The following symptoms may be related to oesophageal diseases:
The most common condition is an inflammation of the oesophagus, also known as gastroesophageal reflux. Stomach acids reflux into the oesophagus due to the oesophagus not closing properly. The patient experiences heartburn. Unless treated, the condition may causes erosion of the oesophageal lining.
Patients suffering from cirrhosis of the liver may develop oesophageal varices. The vessels can easily leak and cause life-threatening bleeding.
Oesophageal cancer is three times more common in men than women. Unfortunately, this type of cancer is frequently detected late; only when the patient complains about difficulty swallowing. Causes commonly include excess consumption of alcohol, smoking and heartburn.
The following symptoms are typical for gastric diseases:
Most symptoms are caused by an inflammation of the stomach’s lining (gastritis). The mucus lining is disrupted by the acidity of the stomach, which may be caused by certain medications, excessive smoking and drinking, as well as by viruses and bacteria.
An important role is attributed to bacteria found in the stomach, called helicobacter pylori. It can cause chronic inflammation and leave behind open wounds in the stomach or the duodenum (ulcers). If left untreated, complications such as bleeding or stomach rupture may occur.
Stomach cancer cases are frequently familial in origin. However, unhealthy eating habits, smoking, excess consumption of alcohol as well as chronic helicobacter pylori infections are considered risk factors.
A dysfunction of the stomach where the exact cause is unknown, is called functional dyspepsia. Symptoms include abdominal pain, an early sense of satiety, feeling of fullness, abdominal pressure, acid regurgitation, burning sensation, loss of appetite and intestinal gas. The symptoms may vary in terms of strength and duration. The exact cause is yet unknown, however dietary habits, food intolerances and mental stress are amongst the suspected contributing factors.
The following symptoms may be experienced in case of bowel diseases:
Enteritis, one of the most common bowel diseases, is an inflammation of the small intestine. Pathogens and parasites taken in through food or contaminated water may damage the intestinal mucosa. Roughly one third of all cases are caused by viruses and result in diarrhoea, abdominal pain and loss of appetite.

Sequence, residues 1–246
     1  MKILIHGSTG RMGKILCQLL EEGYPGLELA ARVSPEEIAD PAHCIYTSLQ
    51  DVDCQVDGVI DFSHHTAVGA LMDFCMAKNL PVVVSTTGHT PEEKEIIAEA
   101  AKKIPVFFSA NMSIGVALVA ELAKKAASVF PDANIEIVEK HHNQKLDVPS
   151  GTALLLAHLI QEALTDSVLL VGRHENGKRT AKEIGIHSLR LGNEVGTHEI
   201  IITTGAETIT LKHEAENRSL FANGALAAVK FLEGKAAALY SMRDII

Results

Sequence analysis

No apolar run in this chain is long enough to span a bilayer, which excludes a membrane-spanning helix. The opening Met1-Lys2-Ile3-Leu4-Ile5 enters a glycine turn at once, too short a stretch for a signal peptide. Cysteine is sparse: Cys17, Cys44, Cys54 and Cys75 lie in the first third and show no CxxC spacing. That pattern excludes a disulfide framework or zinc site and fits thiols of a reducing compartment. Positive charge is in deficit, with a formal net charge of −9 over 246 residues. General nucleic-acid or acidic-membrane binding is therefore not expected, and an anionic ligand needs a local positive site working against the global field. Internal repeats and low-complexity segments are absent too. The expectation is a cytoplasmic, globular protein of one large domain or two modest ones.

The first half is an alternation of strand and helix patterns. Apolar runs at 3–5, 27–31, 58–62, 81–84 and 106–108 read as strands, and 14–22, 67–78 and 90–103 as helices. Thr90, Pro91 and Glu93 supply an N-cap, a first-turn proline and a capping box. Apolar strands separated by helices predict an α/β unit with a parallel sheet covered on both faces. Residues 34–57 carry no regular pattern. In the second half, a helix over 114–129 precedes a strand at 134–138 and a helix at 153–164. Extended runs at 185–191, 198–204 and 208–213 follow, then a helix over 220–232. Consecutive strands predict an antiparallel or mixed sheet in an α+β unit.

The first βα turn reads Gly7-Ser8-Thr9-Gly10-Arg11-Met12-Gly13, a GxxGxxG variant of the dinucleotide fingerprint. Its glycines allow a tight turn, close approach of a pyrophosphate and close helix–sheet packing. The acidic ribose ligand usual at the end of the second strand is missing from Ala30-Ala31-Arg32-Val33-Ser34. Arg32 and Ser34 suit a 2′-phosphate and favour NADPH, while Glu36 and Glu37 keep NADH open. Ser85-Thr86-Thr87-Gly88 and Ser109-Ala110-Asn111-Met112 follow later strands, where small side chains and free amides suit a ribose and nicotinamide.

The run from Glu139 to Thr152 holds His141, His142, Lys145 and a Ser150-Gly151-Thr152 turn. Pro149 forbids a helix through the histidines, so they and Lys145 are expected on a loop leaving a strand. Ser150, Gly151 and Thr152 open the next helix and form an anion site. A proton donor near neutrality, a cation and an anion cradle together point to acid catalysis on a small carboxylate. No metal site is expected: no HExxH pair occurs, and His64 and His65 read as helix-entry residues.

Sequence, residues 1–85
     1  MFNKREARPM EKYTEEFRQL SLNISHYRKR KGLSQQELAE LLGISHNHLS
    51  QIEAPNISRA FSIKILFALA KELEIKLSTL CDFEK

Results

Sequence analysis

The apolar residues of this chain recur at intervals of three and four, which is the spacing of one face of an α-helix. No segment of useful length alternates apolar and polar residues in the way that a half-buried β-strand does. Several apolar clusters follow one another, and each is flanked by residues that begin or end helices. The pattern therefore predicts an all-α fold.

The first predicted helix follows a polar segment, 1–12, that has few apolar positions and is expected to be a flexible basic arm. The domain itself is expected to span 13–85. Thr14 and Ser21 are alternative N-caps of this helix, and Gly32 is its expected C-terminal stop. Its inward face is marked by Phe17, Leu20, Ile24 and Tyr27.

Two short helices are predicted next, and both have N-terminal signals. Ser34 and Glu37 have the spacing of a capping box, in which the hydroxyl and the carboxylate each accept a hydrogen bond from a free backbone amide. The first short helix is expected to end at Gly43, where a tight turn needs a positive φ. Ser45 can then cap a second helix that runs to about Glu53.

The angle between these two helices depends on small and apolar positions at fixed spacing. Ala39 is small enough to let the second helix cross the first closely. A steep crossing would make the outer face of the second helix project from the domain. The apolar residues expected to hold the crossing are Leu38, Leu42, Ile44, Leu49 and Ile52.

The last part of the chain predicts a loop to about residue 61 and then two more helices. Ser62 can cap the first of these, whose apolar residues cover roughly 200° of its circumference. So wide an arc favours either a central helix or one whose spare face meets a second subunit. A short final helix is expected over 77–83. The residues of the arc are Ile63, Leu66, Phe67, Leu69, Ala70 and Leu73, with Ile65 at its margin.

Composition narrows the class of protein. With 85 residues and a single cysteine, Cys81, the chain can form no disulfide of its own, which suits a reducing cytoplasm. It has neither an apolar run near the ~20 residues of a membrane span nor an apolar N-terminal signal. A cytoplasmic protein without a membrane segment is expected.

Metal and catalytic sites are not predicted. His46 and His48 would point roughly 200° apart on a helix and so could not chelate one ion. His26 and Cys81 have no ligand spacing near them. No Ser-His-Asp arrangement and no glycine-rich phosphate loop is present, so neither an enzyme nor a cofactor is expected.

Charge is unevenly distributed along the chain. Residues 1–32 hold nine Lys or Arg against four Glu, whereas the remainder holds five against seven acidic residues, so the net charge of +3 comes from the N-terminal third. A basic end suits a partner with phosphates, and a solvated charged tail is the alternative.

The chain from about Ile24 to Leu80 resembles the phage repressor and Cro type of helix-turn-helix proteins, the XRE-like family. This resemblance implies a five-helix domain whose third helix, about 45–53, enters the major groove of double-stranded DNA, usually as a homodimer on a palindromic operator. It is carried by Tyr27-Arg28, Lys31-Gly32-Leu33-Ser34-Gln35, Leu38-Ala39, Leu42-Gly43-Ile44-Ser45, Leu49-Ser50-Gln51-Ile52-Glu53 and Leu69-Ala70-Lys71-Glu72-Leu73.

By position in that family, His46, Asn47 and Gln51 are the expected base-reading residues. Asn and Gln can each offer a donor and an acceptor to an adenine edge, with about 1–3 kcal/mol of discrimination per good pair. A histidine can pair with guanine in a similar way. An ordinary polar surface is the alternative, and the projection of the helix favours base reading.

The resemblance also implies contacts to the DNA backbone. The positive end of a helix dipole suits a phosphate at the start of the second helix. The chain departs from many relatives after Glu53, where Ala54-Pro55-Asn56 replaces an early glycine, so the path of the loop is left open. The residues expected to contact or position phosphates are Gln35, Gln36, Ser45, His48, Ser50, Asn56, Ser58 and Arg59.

If the inflammation only affects the appendix, the patient suffers from appendicitis, which is caused either by pathogens or foreign objects (such as fruit stones).Typical complaints are pain in the abdominal region or around the navel, nausea, vomiting, loss of appetite and fever. The condition requires surgery to prevent rupture.
Inflammatory bowel disease (IBD) is an inflammation of the colon and small intestine with recurring abdominal pain and diarrhoea. Crohn’s disease and ulcerative colitis are the two principal types of inflammatory bowel disease. In spite of both diseases being different diseases, they present very similar symptoms, making it difficult to distinguish between the two. There are, however, several differences. Crohn’s disease may affect each part of the digestive tract, while ulcerative colitis primarily affects the colon. Causes of IBD are yet unknown. Studies show immunological responses to the gut bacteria or substances in patients with a genetic disposition. The diagnosis is usually done through blood and stool samples, as well as through biopsies on endoscopy.
Benign tumours (adenomas or polyps) can frequently be found in the colon. Generally they are considered harmless; unfortunately they may become malignant over time and turn into colon cancer.
Colon cancer has become one of the most common malign types of cancer of the digestive tract. Chances of recovery are in fact high if diagnosed early. Regular checks are recommended after the age of 50!
Hollow pouches in the colon are called diverticula. They are probably caused by hard stools which require a high pressure in the colon to transport further. When diverticula become inflamed, the condition is known as diverticulitis.
Blood in stool and anal itching are frequently caused by haemorrhoids. Haemorrhoids are enlarged vascular structures lining the anal canal.
Together with the muscles, they are responsible for closing the anal canal. Haemorrhoids are primarily caused by lower-rougher roughage diet and unsuitable sitting postures. In general, haemorrhoids are relatively harmless. However, if you experience blood in the stool, please see a gastroenterologist to exclude the possibility of colon cancer.
A disease similar to the stomach’s functional dyspepsia can be found in the colon. Irritable bowel syndrome presents itself primarily with chronic abdominal pain, irregular stools, and flatulence without any pathological changes to be detected. Suspected causes are poor eating habits and psychological issues. Since the symptoms of irritable bowel are similar to those of colon cancer, it is recommended to see your gastroenterologist for diagnostic workup.
Another common colon issue is coeliac disease, which is the failure of the mucous membrane to tolerate gluten. Gluten is the protein found in wheat, rye and oats. Coeliac disease is probably caused by a hereditary enzyme defect.